Extreme-right and post-fascist parties, whose rising popularity caused alarm across Western Europe a few years ago, seem to be fading from the electoral scene. But does this mean that political radicalism, extreme-right sentiments, and fascism in Europe are dying out?
Hardly. Just as both extreme-right and post-fascist groups in Western Europe weaken, Eastern Europe has seen a revival of extreme-right and fascist parties, most ominously with the successes of nationalist radicals in the recent Russian and Serbian elections.
At the same time, the costs of weakening extreme-right, nationalist, and post-fascist parties in Western and Central Europe have been high: mainstream political forces were forced to adopt some of the extreme right's vocabulary and agenda. Many mainstream European politicians and parties now espouse anti-immigration policies, express greater skepticism toward European integration, or wield a form of anti-Semitism that masquerades as criticism of Israel's policies.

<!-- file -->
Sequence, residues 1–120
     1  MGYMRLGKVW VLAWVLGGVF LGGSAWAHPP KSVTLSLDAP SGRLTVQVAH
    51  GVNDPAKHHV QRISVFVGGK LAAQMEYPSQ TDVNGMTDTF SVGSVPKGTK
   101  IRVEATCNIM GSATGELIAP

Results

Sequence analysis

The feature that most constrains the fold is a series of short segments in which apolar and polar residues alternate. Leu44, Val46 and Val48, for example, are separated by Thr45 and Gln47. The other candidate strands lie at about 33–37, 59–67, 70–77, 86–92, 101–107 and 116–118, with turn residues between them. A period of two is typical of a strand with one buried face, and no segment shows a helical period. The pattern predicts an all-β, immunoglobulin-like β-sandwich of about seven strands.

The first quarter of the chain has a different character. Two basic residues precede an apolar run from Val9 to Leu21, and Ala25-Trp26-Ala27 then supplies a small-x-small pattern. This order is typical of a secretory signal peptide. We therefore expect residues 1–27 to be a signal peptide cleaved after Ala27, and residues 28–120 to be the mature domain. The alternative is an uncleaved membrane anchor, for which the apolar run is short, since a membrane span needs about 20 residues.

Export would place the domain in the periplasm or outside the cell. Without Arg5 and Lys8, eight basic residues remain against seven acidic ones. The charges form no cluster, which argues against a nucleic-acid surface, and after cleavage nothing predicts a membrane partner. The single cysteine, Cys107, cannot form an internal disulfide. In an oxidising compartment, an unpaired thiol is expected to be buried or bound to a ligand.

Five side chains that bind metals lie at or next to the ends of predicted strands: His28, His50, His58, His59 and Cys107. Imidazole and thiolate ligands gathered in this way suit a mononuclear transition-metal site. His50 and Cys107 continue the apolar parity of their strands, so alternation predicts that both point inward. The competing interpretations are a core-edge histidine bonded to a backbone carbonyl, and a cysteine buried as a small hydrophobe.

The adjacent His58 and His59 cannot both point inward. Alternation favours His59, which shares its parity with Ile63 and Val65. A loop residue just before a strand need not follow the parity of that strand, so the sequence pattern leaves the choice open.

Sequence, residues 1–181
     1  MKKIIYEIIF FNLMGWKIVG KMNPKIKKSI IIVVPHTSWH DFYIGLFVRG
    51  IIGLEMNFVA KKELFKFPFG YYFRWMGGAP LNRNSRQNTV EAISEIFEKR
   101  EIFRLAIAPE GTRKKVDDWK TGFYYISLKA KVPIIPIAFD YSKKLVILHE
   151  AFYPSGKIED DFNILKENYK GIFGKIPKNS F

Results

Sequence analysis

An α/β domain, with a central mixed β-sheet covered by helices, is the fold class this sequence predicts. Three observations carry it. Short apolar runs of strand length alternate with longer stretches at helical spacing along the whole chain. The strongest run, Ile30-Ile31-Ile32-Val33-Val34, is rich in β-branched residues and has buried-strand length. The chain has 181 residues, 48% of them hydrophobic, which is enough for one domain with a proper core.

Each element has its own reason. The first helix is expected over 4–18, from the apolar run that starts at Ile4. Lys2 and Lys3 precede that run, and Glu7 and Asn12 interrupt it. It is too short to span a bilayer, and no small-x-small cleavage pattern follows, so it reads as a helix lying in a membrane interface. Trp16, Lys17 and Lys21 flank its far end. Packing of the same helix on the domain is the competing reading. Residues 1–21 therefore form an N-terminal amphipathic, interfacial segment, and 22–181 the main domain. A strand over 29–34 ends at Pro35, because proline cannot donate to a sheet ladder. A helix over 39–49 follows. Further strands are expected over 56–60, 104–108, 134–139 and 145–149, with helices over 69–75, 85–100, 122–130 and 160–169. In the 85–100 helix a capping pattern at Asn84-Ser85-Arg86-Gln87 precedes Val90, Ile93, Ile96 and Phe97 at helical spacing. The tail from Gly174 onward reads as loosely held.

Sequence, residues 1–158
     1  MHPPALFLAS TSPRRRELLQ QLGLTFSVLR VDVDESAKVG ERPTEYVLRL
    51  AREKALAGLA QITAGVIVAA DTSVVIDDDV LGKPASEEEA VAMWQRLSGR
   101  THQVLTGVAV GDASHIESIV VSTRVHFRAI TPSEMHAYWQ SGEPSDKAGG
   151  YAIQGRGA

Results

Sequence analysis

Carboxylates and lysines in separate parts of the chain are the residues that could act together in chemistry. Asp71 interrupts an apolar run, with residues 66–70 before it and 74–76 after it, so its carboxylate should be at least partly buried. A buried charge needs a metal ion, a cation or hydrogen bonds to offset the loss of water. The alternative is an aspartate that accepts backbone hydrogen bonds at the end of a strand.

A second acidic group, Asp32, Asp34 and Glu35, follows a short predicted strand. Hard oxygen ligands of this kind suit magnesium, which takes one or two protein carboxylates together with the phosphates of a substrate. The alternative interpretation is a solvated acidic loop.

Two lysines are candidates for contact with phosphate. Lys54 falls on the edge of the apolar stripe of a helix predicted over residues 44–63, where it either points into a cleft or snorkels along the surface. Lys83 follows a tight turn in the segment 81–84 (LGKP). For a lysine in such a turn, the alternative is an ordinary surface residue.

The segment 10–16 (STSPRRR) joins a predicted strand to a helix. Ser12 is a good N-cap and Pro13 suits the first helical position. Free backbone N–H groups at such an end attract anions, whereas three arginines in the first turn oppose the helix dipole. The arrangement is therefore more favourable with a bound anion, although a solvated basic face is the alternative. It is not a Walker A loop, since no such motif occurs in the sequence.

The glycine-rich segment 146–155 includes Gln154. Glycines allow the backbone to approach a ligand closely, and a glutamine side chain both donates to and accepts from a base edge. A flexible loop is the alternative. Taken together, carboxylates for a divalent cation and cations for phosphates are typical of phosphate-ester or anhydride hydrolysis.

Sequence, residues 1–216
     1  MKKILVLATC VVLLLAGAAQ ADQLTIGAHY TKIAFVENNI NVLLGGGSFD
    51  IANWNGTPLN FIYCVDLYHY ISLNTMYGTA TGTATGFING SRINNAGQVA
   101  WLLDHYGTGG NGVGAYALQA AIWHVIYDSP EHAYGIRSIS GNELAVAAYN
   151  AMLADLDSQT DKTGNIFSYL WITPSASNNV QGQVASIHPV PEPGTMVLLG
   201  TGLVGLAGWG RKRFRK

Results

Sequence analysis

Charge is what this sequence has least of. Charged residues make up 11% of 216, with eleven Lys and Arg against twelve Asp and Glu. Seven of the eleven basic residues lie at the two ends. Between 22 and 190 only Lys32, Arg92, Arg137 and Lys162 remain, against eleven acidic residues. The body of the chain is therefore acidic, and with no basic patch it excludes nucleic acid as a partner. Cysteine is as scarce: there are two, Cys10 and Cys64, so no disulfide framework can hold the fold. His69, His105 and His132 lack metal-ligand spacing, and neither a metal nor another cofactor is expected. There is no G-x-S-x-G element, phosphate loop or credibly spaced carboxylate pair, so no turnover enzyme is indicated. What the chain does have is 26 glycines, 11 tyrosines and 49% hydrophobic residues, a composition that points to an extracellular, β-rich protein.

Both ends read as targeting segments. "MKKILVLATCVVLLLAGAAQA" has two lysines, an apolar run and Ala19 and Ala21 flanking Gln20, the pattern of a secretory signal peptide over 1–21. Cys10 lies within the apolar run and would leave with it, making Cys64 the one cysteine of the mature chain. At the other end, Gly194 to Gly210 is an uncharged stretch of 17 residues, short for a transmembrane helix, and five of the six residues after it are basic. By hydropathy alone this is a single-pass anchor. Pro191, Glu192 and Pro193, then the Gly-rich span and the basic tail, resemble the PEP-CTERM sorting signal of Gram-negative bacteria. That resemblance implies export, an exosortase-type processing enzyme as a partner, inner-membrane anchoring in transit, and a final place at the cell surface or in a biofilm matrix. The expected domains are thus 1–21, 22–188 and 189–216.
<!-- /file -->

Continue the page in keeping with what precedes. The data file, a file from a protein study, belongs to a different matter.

Extremist parties have also been marginalized owing to their weak position in pan-European politics. Voters in Italy, France, the Netherlands, or Austria - the countries in which post-fascist or extreme-right parties incited the greatest concerns - gradually realized that mainstream democratic forces in Europe would allow extremist parties only limited influence in the European Parliament and other EU institutions. Some - for example, Jörg Haider's Free Democrats in Austria, or Gianfranco Fini's Italian post-fascists - were forced to temper their radicalism after joining government coalitions.